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lighting a car scene

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Patrick562
lighting a car scene
on Jul 3, 2007 at 1:00:45 pm

When lighting a car scene with the subjects in the car, is it best to light using freznels from the floor boards? Any other suggestions are welcome.



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Leo Ticheli
Re: lighting a car scene
on Jul 3, 2007 at 1:17:24 pm

Only if you're trying to say the car is occupied by monsters.

Lighting coming from below is often described as, "monster light."

You're tackling one of the most difficult lighting assignments. You're dealing with limited space, funny glass tints, and reflections.

My very best advice is to hire someone experienced and adept at this.

Think about the way people actually look in a car and then direct and shape the light to make that look better.

Fixtures are often mounted on the car using a car-mount kit and/or on stands on a process trailer. It's not easy, fast, or cheap.

Sorry there's no simple answer to a very difficult and complex assignment.

Good shooting and best regards,

Leo



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Leo Ticheli
Re: lighting a car scene - One more thing...
on Jul 3, 2007 at 1:21:48 pm

Shooting in a moving car, especially one with rigging, is extraordinarily dangerous.

You need cops and professional drivers on closed or tightly controlled streets.

Good shooting and best regards,

Leo



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john sharaf
Re: lighting a car scene
on Jul 3, 2007 at 1:26:28 pm

There is no "one" prescription for lighting a car scene. Obviously different technique would apply for day and night scenes. Depending on the lighting manifest, you'll need battery or generator power. Towing the car is often a requirement both for safety reasons (lights in the drivers eyes) and for proper camera position and to carry the power source for the lights.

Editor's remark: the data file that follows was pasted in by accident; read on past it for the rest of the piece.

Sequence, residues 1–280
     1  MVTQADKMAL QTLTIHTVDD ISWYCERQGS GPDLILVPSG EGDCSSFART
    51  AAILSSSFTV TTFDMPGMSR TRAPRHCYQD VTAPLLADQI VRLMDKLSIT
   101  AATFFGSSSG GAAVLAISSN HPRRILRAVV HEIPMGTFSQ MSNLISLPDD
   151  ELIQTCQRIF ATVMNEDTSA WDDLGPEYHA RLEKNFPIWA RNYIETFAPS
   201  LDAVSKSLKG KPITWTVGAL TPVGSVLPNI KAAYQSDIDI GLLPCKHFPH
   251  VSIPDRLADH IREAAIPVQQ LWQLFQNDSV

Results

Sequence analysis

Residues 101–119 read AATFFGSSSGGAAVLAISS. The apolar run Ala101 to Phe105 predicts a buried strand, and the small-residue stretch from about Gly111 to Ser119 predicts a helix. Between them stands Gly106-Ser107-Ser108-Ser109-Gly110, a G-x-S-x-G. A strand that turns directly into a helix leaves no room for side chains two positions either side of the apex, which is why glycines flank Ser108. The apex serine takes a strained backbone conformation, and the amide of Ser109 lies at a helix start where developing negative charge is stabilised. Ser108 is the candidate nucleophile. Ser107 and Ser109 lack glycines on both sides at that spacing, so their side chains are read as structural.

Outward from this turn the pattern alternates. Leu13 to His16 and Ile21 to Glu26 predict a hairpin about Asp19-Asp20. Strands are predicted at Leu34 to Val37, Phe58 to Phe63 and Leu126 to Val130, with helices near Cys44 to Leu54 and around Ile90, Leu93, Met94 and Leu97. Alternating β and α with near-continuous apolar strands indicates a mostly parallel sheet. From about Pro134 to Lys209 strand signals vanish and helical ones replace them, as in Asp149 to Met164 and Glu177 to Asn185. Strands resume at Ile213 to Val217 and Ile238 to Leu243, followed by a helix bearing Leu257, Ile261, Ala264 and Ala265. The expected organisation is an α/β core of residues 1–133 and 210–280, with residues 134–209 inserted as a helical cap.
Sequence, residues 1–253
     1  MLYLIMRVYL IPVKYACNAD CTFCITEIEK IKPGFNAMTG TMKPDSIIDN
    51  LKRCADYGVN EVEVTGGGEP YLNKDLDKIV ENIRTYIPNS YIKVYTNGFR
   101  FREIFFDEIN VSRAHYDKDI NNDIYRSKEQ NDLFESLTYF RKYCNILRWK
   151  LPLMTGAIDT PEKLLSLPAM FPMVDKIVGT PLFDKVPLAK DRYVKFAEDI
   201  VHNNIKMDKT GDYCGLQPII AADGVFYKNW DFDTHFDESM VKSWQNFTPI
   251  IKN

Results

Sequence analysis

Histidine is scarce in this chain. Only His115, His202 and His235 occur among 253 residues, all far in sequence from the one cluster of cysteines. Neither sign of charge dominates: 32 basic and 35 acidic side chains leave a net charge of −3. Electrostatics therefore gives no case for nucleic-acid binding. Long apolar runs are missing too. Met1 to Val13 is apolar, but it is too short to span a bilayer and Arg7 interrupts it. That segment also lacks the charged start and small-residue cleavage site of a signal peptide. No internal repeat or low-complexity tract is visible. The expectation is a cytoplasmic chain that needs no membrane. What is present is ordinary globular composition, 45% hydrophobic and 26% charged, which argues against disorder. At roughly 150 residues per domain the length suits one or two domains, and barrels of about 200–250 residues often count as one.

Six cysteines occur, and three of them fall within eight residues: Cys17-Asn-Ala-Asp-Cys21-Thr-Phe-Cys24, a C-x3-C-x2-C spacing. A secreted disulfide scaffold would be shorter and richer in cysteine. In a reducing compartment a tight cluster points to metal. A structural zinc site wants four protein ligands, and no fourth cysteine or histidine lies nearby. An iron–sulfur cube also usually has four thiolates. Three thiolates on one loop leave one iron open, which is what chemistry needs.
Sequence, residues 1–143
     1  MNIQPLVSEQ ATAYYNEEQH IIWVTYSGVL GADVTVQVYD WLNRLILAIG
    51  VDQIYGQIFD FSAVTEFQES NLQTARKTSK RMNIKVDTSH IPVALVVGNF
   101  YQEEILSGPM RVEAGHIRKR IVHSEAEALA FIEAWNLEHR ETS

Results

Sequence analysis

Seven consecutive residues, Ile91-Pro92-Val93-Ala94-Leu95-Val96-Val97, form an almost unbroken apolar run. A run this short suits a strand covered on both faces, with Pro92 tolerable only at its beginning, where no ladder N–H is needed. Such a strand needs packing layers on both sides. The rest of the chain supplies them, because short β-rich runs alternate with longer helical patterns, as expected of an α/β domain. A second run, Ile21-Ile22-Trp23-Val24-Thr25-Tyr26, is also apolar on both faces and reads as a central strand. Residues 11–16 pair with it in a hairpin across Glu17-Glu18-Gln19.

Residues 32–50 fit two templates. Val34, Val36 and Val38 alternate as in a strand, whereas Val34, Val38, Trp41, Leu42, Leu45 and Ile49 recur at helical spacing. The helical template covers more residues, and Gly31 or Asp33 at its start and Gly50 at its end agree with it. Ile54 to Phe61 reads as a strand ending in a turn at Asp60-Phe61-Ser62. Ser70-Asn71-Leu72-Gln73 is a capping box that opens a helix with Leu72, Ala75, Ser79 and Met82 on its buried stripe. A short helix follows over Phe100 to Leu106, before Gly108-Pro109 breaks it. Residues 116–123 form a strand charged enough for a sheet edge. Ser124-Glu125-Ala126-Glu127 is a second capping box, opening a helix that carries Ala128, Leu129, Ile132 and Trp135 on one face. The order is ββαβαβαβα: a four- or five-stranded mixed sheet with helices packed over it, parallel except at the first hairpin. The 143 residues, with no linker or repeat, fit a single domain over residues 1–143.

"Fresnels from the floor boards" would be the last thing I'd think of, unless I was shooting a monster movie in a car. More often the lighting instruments are the type you can easily hide in small places like car interiors; kino flos, led's or even the new Rosco pad lites. Otherwise lighting units are sometimes mounted on suction cups or car mounts on the hood. Once the quality and style of lighting is established, then the units are moved each time the camera moves. Multiple cameras increases the complexity of the lighting and quite often car shots are now accomplished by process photography combining greenscreen and background plates matched in quality of lighting and movement to sell the composited effect.

It would probably be a good idea to study some car intensive movies to spark some ideas; one in particular that comes to mind is a Jim Jarmoush film that takes place in taxicabs all over the world (I forget the name, but I'm sure you could figure it out).

Be forewarned, shooting in a lit car is both difficult and dangerous and you should be properly prepared with insurance and skilled technicians to accomplish your objective.

JS



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john sharaf
Re: lighting a car scene
on Jul 3, 2007 at 1:29:26 pm

Leo and I did not collaberate on these answers; I was writing mine as he was posting his! Hi Leo.

JS


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Patrick562
Re: lighting a car scene
on Jul 3, 2007 at 1:38:45 pm

After I posted, I thought about a lot of those things and decided to do it with the car standing still, it's a quick scene and I don't think it would make a difference. But thanks for the "monster" comments it makes sense. I probably just have to play around with it for a while. Thanks.